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Archive for July, 2012

Had we known that we would ride in a 35 degree furnace, battle head wind for 60km and for Joel to crash into a car 100m before the end of the ride, would we have started riding on that foggy Monday at 07:30, the 9th of May from Saas-Fee to the Grimselpass? Probably not, but that’s what an adventure is about, I guess (and that’s why I do not understand people reading the last pages of a book before actually starting to read it).

I had been thinking to ride to the Grimsel Pass for the past three years.  Joel – a training partner and founder member of our Windmill Warriors Triathlon Club – and I could not have picked a better day to do this ride.  It all started the evening before, with some serious carb/protein-loading with our families in front of the chalet. Joel, is a Masterchef when it comes to marinating meat and BBQing. We limited our beer consumption and went up to bed fairly early.

We started to ride with a 26km long descent from Saas-Fee (1800m) to Visp (500) before taking a right turn and started a 65km climb towards the Grimselpass (2164m). The climb was gentle at first along the river Rhone. We passed Brig and were surprised how fast the temperature was rising. It was 11 in Saas-Fee, 15 in Visp and already 23 in Brig. The first “hills” showed up after Brig. Quads were warmed up by then to tackle the first serious climb until Bellwald. 800 m elevation gain in 16km. Joel was quite surprised to hear, that this was the “easy” part of the climb. From then on his requests for short stops increased 🙂 . The real deal started after Oberwald. There is even a sign warning cyclists of the 1000m upcoming climb averaging at 7.6%. It is long and it is quite hard but the view is breathtaking and seeing for the first time from a “saddle perspective” the famous switchbacks of  the Grimsel were very rewarding.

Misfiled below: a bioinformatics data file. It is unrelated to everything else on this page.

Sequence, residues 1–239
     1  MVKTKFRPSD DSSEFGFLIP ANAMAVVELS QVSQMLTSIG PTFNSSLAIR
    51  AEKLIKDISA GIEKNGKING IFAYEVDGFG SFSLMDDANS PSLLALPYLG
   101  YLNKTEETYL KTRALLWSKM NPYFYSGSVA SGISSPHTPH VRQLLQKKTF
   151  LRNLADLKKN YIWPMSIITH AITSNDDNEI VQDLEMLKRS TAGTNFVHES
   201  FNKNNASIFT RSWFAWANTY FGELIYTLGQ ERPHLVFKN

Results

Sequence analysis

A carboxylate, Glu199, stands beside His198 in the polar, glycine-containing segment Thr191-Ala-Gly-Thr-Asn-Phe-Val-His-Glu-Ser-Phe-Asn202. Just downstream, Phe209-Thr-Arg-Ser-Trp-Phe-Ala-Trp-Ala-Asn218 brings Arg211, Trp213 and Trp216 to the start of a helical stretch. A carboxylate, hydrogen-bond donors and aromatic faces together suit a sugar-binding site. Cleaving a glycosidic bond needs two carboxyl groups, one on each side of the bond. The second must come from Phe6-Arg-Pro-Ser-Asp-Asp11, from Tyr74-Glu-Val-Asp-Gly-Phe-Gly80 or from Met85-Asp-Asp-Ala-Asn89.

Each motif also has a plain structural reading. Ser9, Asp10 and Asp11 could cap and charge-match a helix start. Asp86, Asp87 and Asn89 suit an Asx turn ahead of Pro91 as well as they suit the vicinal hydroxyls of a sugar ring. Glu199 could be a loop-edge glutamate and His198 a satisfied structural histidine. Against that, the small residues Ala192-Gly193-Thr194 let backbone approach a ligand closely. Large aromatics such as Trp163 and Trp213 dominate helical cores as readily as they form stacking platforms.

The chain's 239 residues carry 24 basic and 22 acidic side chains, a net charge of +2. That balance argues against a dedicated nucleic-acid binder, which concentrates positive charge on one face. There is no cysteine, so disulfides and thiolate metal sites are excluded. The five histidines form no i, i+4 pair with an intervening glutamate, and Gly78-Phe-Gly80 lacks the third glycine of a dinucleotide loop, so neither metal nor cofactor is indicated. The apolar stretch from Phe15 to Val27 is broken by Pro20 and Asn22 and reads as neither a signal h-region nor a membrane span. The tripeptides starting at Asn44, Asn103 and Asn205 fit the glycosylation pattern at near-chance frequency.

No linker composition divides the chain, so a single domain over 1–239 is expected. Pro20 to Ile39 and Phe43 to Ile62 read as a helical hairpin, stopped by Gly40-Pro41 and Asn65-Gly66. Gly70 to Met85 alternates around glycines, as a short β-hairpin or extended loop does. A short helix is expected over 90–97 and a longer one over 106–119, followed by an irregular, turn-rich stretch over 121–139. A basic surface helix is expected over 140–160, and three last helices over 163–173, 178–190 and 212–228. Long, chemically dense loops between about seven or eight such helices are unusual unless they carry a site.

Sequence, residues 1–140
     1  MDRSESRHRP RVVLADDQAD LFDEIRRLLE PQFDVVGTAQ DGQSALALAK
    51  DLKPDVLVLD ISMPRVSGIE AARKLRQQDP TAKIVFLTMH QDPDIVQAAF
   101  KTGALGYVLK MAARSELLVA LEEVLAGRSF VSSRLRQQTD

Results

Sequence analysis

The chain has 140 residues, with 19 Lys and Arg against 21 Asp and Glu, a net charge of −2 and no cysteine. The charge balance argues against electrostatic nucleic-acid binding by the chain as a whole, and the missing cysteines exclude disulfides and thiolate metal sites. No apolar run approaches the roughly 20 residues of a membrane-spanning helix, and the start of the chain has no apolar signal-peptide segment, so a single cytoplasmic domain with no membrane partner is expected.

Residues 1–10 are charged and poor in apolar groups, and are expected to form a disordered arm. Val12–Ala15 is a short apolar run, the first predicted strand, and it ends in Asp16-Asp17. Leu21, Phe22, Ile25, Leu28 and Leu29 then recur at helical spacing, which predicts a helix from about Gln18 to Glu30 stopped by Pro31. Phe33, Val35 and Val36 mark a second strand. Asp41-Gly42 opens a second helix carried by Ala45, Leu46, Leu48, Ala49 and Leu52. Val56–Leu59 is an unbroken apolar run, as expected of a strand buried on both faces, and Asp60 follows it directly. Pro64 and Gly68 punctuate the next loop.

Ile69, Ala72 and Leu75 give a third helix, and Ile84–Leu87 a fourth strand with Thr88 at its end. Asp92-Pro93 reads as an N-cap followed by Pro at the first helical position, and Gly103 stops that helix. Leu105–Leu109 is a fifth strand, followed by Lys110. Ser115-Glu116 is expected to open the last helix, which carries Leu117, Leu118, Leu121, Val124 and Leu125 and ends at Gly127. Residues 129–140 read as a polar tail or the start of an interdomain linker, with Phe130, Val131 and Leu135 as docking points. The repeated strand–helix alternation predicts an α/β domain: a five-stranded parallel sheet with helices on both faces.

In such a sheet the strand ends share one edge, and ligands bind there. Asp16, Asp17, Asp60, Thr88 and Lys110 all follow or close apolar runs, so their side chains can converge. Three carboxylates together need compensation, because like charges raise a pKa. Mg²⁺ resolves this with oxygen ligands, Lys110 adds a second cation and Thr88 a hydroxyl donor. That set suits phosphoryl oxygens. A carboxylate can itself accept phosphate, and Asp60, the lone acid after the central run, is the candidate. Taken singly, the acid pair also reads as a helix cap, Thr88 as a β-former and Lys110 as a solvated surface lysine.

And because every ride has its loads of surprises, we suddenly encountered, crossing the road, the first trains constructed to pass the Furka Pass (same road as the Grimsel).

We manages those switchbacks without problems and finally arrived to the Pass after riding for 4 hours and 1800m of elevation gain. It was a perfect day to be up there. No violent winds, no snow, nearly no clouds. Just Perfect. We quickly ate something before moving to our main activity of the day: photo-shooting.

Now that the battery of my camera was empty, we could get back on the saddle and ride down. Joel acquired his downhill riding skills in The Netherlands. Going down the Grimsel was slightly out of his zone of comfort, but after training twice down from Saas-Fee to Visp he managed pretty well (although it took him a while to unclasp his hands from the drops afterwards).

We thought we had done the hardest bit, but the weather decided otherwise. The wind picked-up together with the heat and every km we rode down we faced more heat and more wind. We ended up in the valley with the watch registering 35 degrees in the shade. I believe we each drank about 3 liters for the 6h45min ride. It was thougher than expected, especially for my fellow riders who challenged a car in the last 100m before our arrival to the bus station in Visp. Joel does not know exactly what happened. I was in the front, unclipping my shoes when I heard a metallic thump about 80m behind me. I hoped for the best but feared the worst. And yes, it came out to be the worst. Joel on the ground with a bruised shoulder. But the car was bruised too! A good dent in the side door and a broken mirror. Joel 1 – Car 1.

I have a bit of a reputation back where I train in The Netherlands. “They” call me the Swiss Assassin, because I provoked a fall of 2 fellow bikers by braking in front of the group without (a lot of clear) advance warnings. I just would like to clearly state, that Joel decided to take on this car on his own free will. Namaste.

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